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Kitsap Washington and a Flow 2

It arrived minutes ago. I have the spot picked out and will be assembling it tonight.
I choose Tong oil because I have some experience with wood finishing and realize it’s a lot of coats.
I get the bees early May. From the advice of several friends, availability, and some study I choose Carniolan.
I’m getting them from Tarboo Valley Bees, a lovely place even more rural than me. They have woodware and supplies too.
So, three weeks to get it assembled, finished, and placed. I should make it.
So, what about raccoons?

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“So what about raccoons?”. My suggestion would be to construct a physical barrier to keep them away from your hive. What are other beekeepers in your area doing to mitigate raccoons?

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As long as you make it impossible for them to get the roof off, you will be fine. You can either do that with a ratcheting strap around the hive from top to bottom, or find a way of weighting the lid. You need about 15lb of weight to make it too heavy for the raccoon to lift. Most traditional beekeepers in the US use bricks or a large rock for that. With a gabled roof, that is unstable, so some Flow hive owners use couple of Spanish-style barrel roof tiles, a bit like these:

I also like to have the hive entrance about 14-16" off the ground to deter possums. You can use something as simple as cinder blocks for that.

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We have lots of raccoons in this area, but I haven’t had any problems. They probably know they’d get badly stung if they tried to lift any hive lids! Same principle of height re Dawn’s mention of cinder blocks - as long as a critter has to stand up to get close, it exposes its belly as a target :astonished:

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Barry, how many coats of Tong oil will you apply to your assembled flow hive? How long to let it dry enough so it won’t bother the bees? i get my flow hive 2+ in a few days and pick up my nuc the 19th of this month. So new to this it isn’t funny.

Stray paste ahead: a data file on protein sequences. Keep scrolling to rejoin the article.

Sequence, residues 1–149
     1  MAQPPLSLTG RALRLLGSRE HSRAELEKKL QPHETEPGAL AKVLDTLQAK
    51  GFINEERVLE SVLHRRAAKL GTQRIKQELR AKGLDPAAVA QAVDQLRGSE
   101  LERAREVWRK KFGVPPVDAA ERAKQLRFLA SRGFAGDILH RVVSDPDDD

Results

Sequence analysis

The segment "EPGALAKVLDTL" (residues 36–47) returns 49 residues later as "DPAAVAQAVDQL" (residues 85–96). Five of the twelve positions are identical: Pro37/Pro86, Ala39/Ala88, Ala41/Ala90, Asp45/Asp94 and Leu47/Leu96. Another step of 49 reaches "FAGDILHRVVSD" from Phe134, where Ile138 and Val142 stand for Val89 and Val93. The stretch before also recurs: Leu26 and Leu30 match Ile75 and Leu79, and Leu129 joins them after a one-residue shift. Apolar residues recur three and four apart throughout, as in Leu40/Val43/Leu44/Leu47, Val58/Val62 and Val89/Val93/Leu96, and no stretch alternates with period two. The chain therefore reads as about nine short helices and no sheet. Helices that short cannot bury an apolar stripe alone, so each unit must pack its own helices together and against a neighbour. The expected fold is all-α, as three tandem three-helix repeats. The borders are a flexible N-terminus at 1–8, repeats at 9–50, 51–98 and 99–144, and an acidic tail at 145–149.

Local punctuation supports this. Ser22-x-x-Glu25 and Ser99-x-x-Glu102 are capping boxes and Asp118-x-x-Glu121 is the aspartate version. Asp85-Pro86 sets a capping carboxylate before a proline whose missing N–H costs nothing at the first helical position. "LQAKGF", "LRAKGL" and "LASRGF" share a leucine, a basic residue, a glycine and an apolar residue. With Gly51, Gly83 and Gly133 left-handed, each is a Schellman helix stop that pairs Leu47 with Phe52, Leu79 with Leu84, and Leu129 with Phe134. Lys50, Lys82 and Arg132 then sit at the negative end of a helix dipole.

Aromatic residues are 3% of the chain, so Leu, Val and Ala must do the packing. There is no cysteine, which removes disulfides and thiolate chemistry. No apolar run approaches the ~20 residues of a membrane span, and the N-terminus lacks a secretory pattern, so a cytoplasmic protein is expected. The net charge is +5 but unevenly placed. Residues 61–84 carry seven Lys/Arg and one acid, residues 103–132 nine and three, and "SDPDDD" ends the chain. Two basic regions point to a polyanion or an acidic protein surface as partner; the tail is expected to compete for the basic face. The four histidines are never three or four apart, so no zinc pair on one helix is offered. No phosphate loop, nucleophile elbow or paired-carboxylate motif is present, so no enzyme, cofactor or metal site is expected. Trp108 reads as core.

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OK, I am not Barry, but I have used Tung Oil. A lot of Tung Oil… :blush:

It takes about 2-3 days between coats, then at least 2 weeks before the final coat has “cured” to the point of not being sticky. You can put bees in the boxes before then, especially if you haven’t coated the inside, but the the boxes may stick together if there is an overrun of the coats. Not a big deal, but requires careful hive tool use to separate them. :wink:

If you are using PURE Tung Oil, it won’t bother the bees at all. If you not using 100%, then that is a different story…

Will a fan help the oil to dry or set it in the sun to dry?

By the way, didn’t your area have an earthquake this morning?

Both will help. Tung oil cures by oxidizing, so extra heat will make it oxidize faster, and air flow will deliver more oxygen. Good idea on your part.

Not that I felt. However there was one in Anaheim (Los Angeles area) about 100 miles north of here. Only a magnitude 4, so we probably wouldn’t feel it here.


Thanks for everybody’s input. I start Tung oil tonight. I’m looking at a Raspberry Pi setup to monitor temp and humidity in the brood and flow boxes with maybe a camera at the entrance and an infrared in the brood box. I’m also thinking of adding case latches to the boxes for critter frustration.

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Also I’m definitely adding a Vivaldi board.

I am setting it on cinder blocks for just that reason. Thanks
Dawn_SD

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TimB
I’m brand new to this too, but I have been reading and chatting to other keepers for a couple of years. I got interested when the crowdfunding for Flow was started and have watched them grow. I decided to go for it this year.

1st coat of tung and I’m loving it. The wood glows and it soaks it in nicely. Looks like I have enough for 8 to 10 coats.
I am using

and

to thin. Works great.

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Good choices, well done! :blush:

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i just finished two thick coats of Tung oil and the Cedar looks wonderful. now to get my Saturday Nuc pickup without getting mauled in the process of introducing the girls 2 their new home. according 2 the various videos i’ve watched, it should be a piece of fruitcake. :smiley: :mask:

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Good luck Tim! Let us know how it goes :grinning: